When there’s doubt about whether a football play earned enough yardage for a first down, the refs take a measurement. In business, too, it’s necessary to take a measurement every now and then. Instead of a tape, the tool you use is called a ratio calculator.
Where are you now and where were you last year (or five years ago)? That’s the simple question that ratio calculators set out to answer. The comparisons help you chart your growth or see areas of slippage. They provide critical measures, like debt to assets, that you’ll need when you meet with potential funding providers.
Bankrate.com has a variety of ratio calculators, which The Small Business Authority obtained permission to post. Try one of these:
• Operating profit percentage calculator—fill in your operating income and sales.
• Gross profit margin ratio calculator—fill in your net sales and the cost of goods sold.
• Current ratio calculator—plug in your assets and liabilities.
• Quick or acid test ratio calculator—plug in three numbers for an “acid test” on your company’s liquidity. Fill in assets, inventory, and liabilities to learn if you have a ratio acceptable to creditors.
• Return on assets ratio calculator—fill in your net income and an average of your total assets from your last and current statements. This comparison will tell you how much income is generated by assets.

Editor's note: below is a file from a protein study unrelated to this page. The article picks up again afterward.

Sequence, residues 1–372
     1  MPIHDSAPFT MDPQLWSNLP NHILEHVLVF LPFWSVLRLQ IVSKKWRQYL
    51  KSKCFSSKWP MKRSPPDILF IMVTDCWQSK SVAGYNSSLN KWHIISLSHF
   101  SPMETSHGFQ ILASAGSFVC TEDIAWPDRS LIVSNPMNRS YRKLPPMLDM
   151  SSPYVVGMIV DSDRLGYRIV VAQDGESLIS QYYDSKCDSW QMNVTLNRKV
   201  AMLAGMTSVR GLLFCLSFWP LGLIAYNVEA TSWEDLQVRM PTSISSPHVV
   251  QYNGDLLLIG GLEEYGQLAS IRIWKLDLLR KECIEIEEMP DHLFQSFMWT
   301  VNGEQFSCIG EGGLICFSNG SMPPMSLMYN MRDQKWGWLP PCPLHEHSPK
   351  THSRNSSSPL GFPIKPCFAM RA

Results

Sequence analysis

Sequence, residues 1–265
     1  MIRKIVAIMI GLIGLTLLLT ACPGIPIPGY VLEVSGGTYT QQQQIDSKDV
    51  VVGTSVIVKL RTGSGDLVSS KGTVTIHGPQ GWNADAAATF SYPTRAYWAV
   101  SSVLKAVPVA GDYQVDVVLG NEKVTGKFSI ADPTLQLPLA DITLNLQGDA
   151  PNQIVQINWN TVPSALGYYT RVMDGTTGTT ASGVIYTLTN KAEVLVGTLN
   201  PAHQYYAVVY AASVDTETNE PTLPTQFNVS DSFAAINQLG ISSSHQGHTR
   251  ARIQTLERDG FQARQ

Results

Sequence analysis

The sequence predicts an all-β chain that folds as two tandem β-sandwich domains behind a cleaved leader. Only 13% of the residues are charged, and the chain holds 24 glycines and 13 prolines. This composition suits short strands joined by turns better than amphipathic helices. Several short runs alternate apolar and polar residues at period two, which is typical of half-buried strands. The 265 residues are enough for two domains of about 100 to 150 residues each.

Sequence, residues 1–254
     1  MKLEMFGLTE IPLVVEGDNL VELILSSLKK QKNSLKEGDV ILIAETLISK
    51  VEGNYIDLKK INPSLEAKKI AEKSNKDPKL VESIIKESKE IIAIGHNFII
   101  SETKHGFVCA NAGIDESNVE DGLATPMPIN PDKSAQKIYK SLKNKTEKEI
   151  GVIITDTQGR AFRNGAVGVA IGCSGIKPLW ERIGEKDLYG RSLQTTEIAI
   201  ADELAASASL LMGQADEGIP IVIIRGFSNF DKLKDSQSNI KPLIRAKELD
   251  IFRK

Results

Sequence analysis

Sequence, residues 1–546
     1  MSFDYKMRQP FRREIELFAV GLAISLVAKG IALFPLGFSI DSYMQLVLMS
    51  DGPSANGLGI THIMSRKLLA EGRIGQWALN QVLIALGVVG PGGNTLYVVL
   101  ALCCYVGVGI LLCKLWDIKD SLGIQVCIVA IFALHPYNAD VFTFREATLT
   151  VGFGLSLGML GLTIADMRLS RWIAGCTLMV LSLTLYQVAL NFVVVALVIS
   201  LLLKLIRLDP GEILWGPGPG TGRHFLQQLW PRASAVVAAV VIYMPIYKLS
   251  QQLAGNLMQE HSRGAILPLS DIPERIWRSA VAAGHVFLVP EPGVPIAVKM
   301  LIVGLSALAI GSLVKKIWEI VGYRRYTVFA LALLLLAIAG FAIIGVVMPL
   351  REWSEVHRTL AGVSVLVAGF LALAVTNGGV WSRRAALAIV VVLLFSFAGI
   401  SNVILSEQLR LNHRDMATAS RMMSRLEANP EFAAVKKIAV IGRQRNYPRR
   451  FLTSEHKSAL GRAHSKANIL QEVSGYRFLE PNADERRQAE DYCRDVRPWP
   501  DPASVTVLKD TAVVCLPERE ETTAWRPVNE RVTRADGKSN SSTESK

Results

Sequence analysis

• Debt to assets ratio calculator—fill in your total assets and total debt (this shows you whether your business is too highly leveraged to result in a good rate from a lender).
What’s a good number?
To get a sense of how your business stacks up, go to your library’s reference section for thick volumes of financial ratios where you can look up companies like yours by industry code (SIC or NAICS). The “Almanac of Business and Industrial Financial Ratios, 2011 Edition,” by Leo Troy, Ph.D., shows financial information from 5.8 million corporate tax returns filed from July 2007 to June 2008. As an example, a manufacturer of baseball caps (code 315990) that has less than $500,000 in assets would stack up well against others of its size in its industry if it had a current ratio of 1.8 and a return on assets of 50.3, to pick just two of the ratios in that reference book. A sporting goods store would look good if it had a current ratio of 2.3 and a return on assets of 23.5.
Dun & Bradstreet also publishes key business ratios. Additionally, CPAs and accounting firms can help you not only find out if your numbers are good but also decide what to change in your operations to improve the ratios.
You may also want to look at The Risk Management Association’s “Annual Statement Studies: Financial Ratio Benchmarks, 2010–2011.”